On gammon, global noise and indigenous heterogeneity: Words as things in Aboriginal public culture

Daniel Fisher*

*Corresponding author for this work

Research output: Contribution to journalArticlepeer-review

3 Citations (Scopus)

Abstract

'Gammon', a term derived from English and which can be glossed in Aboriginal Australia as meaning fake, cheap or broken, is shared across varieties of Aboriginal English and has become affectionately revered as icon of an intra-Aboriginal public culture. The shorter Oxford English Dictionary defines gammon as the distraction proffered as one's pockets are picked and, more generally, as humbug or nonsense - glosses which capture the playful dissimulation and 'put-ons' of which gammon consists in northern Australia. This article details the correspondence between gammon as a style of intra-Aboriginal verbal play, neoliberal critiques of past Aboriginal policy and transnational concerns with authenticity in musical popular culture. I argue that Gammon's mediatized resonance speaks at once to a colonially derived Aboriginal social complexity, recent, neoliberal shifts in the framework of Aboriginal government, and to discourses of the real in popular musical media.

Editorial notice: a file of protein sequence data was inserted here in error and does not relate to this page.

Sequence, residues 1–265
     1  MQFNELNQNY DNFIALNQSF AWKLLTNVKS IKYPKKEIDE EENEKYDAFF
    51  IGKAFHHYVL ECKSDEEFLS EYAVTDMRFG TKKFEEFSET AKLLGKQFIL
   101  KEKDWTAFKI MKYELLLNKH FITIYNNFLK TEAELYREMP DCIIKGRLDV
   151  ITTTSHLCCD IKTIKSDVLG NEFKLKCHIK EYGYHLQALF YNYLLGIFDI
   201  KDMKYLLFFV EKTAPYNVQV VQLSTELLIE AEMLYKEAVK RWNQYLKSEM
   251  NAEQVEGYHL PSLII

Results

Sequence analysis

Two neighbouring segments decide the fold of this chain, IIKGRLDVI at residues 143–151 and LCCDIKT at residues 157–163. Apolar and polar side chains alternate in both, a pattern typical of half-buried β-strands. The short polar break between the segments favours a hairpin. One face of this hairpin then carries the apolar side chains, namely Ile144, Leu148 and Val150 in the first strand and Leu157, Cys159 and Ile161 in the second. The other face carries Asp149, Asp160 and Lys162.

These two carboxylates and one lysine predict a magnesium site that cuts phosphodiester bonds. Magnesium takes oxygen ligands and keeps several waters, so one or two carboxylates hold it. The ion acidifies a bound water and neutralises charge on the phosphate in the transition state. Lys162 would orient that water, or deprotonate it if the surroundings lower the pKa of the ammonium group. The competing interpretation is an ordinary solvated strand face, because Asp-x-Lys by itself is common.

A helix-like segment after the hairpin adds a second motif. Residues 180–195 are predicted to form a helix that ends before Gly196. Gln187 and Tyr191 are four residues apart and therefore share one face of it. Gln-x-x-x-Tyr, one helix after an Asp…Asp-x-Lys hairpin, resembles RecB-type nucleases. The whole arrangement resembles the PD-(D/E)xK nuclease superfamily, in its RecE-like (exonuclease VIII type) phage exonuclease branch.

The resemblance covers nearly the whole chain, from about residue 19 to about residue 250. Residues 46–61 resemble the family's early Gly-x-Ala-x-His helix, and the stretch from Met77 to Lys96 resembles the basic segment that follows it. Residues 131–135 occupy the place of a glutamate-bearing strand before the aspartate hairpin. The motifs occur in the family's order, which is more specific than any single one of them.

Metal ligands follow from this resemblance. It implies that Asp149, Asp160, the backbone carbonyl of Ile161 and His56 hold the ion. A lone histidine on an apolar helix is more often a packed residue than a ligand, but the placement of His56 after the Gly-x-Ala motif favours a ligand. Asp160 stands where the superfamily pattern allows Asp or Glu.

Original languageEnglish
Pages (from-to)265-286
Number of pages22
JournalCritique of Anthropology
Volume30
Issue number3
DOIs
Publication statusPublished - 2010

Keywords

  • Aboriginal Australia
  • Aboriginal English
  • hip hop
  • indigenous media
  • music
  • neoliberalism
  • performance

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